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Valued Social Butterfly

Re: Plan F will no longer be offered after 2019; premiums likely to riseDeptDoes an

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Message 1 of 11

   Thanks to the author for the heads up.    I did a quick search of Medicare F and there is lots of information about the plan, which is a Medigap for Medicare Part B.   I can only suggest that people do their own search and calculate the additional cost of that premium and determine for themselves if the additional cost was actually worth it.    ( " Medicare Part F" were the search words)

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Conversationalist

Re: Plan F will no longer be offered after 2019; premiums likely to riseDeptDoes an

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Message 2 of 11

You seem to be missing my point.  My point is not so much that rates will rise but that I will not have an option to change my medigap policy as, without guaranteed issue, I will not be accepted in another plan.  All I'm looking for is the option to change plans at least one time when Plan F premiums rise.  I don't think that is an unreasonable option. Rates are set by region and are based on many factors, including the number of policyholders paying into a particular plan. A state such as Florida with a huge population of seniors would see less effect as the premium base for a plan decreases; however, states with far fewer participants in a particular plan are going to see premiums rise more rapidly as the premiums collected for that plan decrease over time. A plan that is actively adding participants to replace those dropping out of the premium pool will see premiums stay static or rise less rapidly that a plan that is no longer adding premium payers.  This is just insurance. Medicare, as a federally mandated plan, probably has more say over rates.  I am talking about medigap premiums here; I'm talking about the premiums you pay for your supplemental insurance, which is separate from what you pay to Medicare for Part A & B.  With Plan F no longer adding participants, as people die or cancel because they can't afford the Plan F premiums, those remaining on Plan F will see steeper increases. Adding to the dilemma is the fact that as the remaining participants grow older the claims paid for those in the plan will grow and there won't be younger, less costly participants coming into the plan to reduce the cost.  So, in upcoming years, when a provider goes to the state with a case to raise the premium for Plan F participants, they are going to have the numbers to prove their case. I merely want to provide an option when seniors are squeezed by premium increases and have too many health problems at that point to change plans. Perhaps your state offers medigap changes with guaranteed issue during open enrollment; Kansas, as well as other states I suspect, does not.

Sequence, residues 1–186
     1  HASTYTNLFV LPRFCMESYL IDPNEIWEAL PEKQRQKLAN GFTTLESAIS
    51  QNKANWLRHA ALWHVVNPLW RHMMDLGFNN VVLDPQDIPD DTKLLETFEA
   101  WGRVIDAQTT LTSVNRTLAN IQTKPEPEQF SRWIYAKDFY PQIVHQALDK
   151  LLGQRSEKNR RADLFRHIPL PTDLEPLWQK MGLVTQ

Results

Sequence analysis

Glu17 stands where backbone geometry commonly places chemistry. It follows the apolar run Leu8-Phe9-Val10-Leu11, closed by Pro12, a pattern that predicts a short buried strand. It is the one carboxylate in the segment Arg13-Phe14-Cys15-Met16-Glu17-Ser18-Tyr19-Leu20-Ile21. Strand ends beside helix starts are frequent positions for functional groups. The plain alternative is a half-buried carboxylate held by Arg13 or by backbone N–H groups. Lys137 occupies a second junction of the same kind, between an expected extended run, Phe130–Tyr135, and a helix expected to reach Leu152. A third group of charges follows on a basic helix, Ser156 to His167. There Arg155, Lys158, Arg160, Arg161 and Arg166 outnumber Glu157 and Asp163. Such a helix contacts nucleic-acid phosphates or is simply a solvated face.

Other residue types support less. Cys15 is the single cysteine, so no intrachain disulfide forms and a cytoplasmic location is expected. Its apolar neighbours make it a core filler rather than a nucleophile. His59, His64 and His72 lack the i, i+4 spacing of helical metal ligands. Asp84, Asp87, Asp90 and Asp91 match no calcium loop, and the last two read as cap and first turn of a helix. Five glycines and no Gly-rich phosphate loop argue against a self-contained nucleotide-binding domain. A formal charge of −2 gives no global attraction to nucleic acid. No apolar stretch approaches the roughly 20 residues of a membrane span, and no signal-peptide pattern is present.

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Recognized Social Butterfly

Re: Plan F will no longer be offered after 2019; premiums likely to riseDeptDoes an

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Message 3 of 11

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I have never sold insurance nor have ever worked for an insurance company. I couldn’t tell you the difference between one insurance company and another one and it makes no difference to me who you purchase insurance from. If you’re happy I’m happy.

 

I don’t know from state to state whether or not you can or when to switch supplemental plans without being underwritten. All states are different I think California and maybe Washington you can change plans every year on your birthday? There are people on here that made me aware of that I didn’t know before.

 

My concern has always been your tittle of this thread: Plan F will no longer be offered after 2019; premiums likely to rise. You do not have any proof that is factual. You cannot provide me with a link to say it is true. So good luck to you and nice talking with you.

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Conversationalist

Re: Plan F will no longer be offered after 2019; premiums likely to riseDeptDoes an

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Message 4 of 11